These works by Chen Chong Swee and Shui Tit Sing were the result of a group trip to Trengganu in 1961. Their distinct ways of handling the same subject resulted in distinctive art works. There are two different representations of time or chronology in these two works. In Shui Tit Sing’s oil painting, four different stages of preparing salted fish are assembled in the four sections. The figures are flat, rendered in a naive manner; coupled with the use of colours in the painting, it bears a resemblance to folk art. Life passes in repeated cycles, represented by the clockwise sequence of tableaux — the fishermen return, the women clean the fish, the fish are laid out or hung to dry; there is nothing new under the sun. The Chen Chong Swee watercolour, on the other hand, is a representation of an impression, of a scene of communal labour witnessed with sympathy and portrayed as such. Although the features of their faces are not clear, the figures are not depicted as anonymous or homogenous; each bent back is laden with the weight of each person’s individual consciousness, personal hopes and worries, and memories both happy and sad. Time passes in daily routines, mundane activities and chores, yet it passes differently for each of us, in the minutiae of inner thoughts and feelings, in the vagaries and vicissitudes of every individual life. Chen’s works carry this signature sense of storytelling, of narratives coursing through a scene; his is a way of seeing that delves beyond observations of surface scenic attractions to suggest the pulse and eventfulness of life.
A shared nostalgia, a shared longing, the phenomenological experience of life and art, the individual artistic will and vision: all these layers of the Nanyang style come together in Seah Kim Joo’s Malayan Life (1968). Almost seven metres long and over two and a half metres tall, the entire work consists of five panels of batik painting, offering a visual feast of aspects of the “Nanyang”. The title is poignant. The sun had already set for Malaya, an obsolete referent in 1968 when this work was made. The dominant hue in the backdrop is a warm orange, like the light of a setting sun at dusk. It gestures, perhaps, to an analogy: the ending of a day with the ending of an era.
Seah Kim Joo, Malayan Life. 1968. Batik on cloth. 5 panels. 694 x 256 cm. Collection of LASALLE College of the Arts.
The phenomenological fullness of experience that is captured in art is also exemplified by the images Seah has depicted, images that relate the ways in which life captivates through much more than the sense of sight. Smell, touch, hearing — all these are evoked. The scene of drying fish stretches across the background of three of the five panels, making it probably the largest rendering of the subject around. On the second and third panels, villagers with upturned faces toward the hanging fishes seem to be inhaling deeply; three of them reach out their hands to hold or touch the fish. It is also curious that the artist includes the durian in the work, a fruit known for its overwhelming fragrance or pungent odour, the perception of which dependent on one’s preference. In the right bottom corner of the second panel, a small Malay boy has his head bent over a durian held between his palms, with an expression that resembles that of durian sellers who hold the fruit in exactly this manner and smell it to see if it is ripe.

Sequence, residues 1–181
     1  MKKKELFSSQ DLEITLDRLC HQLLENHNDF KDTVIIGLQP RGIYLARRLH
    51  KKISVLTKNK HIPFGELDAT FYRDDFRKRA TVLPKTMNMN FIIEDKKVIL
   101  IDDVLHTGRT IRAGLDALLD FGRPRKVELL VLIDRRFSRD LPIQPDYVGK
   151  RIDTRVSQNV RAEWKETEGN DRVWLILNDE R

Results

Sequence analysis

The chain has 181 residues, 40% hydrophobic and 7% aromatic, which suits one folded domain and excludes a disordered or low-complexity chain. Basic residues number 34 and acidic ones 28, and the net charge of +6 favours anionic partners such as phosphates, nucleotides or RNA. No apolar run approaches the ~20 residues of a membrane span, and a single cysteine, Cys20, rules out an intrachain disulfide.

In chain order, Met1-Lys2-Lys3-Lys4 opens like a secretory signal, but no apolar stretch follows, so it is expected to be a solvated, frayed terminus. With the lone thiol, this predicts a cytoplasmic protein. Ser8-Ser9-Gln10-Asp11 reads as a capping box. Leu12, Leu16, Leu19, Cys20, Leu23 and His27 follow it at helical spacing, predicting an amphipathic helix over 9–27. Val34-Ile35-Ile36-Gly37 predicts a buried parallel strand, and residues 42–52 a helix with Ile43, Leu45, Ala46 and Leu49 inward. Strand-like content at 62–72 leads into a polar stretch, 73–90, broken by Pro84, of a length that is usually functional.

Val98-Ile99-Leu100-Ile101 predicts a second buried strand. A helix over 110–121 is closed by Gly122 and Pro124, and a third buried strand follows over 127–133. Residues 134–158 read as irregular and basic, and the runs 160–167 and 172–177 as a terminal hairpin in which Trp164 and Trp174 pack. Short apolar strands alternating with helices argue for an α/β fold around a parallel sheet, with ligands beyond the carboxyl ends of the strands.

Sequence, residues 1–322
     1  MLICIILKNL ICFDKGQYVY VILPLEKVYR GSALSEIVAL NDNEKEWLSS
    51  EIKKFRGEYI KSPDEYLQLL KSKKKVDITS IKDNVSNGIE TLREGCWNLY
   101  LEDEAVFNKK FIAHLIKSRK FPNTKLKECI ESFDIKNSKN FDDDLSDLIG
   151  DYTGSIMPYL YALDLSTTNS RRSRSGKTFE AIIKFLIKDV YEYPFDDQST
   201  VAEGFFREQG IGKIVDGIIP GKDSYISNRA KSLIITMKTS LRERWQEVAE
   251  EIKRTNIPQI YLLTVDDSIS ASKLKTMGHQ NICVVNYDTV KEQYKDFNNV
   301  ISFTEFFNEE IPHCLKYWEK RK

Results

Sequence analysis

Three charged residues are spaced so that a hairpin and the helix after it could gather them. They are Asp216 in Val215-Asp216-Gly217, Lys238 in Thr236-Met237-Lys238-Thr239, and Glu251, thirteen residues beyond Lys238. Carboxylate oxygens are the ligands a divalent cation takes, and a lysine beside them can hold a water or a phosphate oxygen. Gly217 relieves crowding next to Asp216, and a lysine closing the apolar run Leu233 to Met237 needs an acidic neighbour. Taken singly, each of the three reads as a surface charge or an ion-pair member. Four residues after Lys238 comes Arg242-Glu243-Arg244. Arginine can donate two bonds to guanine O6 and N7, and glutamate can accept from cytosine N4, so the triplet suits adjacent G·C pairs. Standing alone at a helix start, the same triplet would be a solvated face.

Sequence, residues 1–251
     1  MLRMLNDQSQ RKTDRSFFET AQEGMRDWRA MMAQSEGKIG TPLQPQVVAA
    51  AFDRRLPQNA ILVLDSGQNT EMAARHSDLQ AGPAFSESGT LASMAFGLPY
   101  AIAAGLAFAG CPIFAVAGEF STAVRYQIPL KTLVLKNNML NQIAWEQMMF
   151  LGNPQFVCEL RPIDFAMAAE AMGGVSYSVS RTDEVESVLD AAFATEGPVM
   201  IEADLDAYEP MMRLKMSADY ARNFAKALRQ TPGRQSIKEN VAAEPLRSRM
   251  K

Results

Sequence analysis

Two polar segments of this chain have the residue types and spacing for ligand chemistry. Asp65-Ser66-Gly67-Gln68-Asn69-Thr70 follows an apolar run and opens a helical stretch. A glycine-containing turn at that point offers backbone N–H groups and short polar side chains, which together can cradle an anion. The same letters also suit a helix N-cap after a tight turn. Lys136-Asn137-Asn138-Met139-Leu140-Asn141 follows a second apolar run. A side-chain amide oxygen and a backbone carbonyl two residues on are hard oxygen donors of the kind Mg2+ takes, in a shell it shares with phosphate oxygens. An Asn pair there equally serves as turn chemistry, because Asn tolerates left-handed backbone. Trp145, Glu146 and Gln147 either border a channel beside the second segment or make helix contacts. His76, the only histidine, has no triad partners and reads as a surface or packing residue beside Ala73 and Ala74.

The work is a phantasmagorical amalgamation of various aspects of life in different parts of rural Malaysia. Dayaks, an indigenous people from Borneo, are represented on the fourth and fifth panels in a riverside setting. One of them plays a musical instrument while the others stalk prey with their hunting implements at the ready. Birds are found on every panel: fluttering pigeons, flying canards, egrets, a rooster, an owl. Other animals include an ox and deer. The effect is of enchantment: recognisable ordinary features of the simple rural life are transformed into jigsaw pieces that fit together in a magical narrative, a picture of humankind and nature in harmony, the teeming tuneful life when all senses are awakened, unjaded. Everything is connected, even as they maintain their distinct form and function. Culture and nature are merged. The lines on which the fish are hung extend from the fishing net lines, but they are also the lines of string that bind flying birds to villagers; they are also the lines of string that make the solitary wayang kulit figure on the first panel dance.
Studying the representations of drying fish leads to a reexamination of the Nanyang style, to a reminder of the difference among her many proponents as well as their shared values and concerns. The mythologies of “Nanyang” that emerge from these artworks have become historical: the works themselves are a chronicle of a past time and past sentiments. As a chapter in Singapore art history, they demonstrate the surprise element that is characteristic of creativity, when something new is born out of the known. Who would have imagined that the scene of drying fish in humble fishing villages, the making of salted fish, a common and humble foodstuff, could be a source of inspiration for so many artists? Sometimes, art does not require the sublime for its subject, nor are its expressions confined to the lofty. The artworks have outlasted, and continue to outlive, the fish they portray.
The writer wishes to thank Chen Cheng Mei, Chen Chi Sing, Tan Wee Lee, Cheong Leng Guat, Huang Kaiquan, Koh Nguang How, LASALLE College of the Arts, Bryan Law, Lim Tze Peng, Charmaine Oon, Sara Siew, Tay Boon Pin, Rofan Teo, Xu Qingzhao, Wang Zineng and Thomas Yeo, for their assistance.
Yeo Wei Wei
Publications And Resource Centre
National Art Gallery, Singapore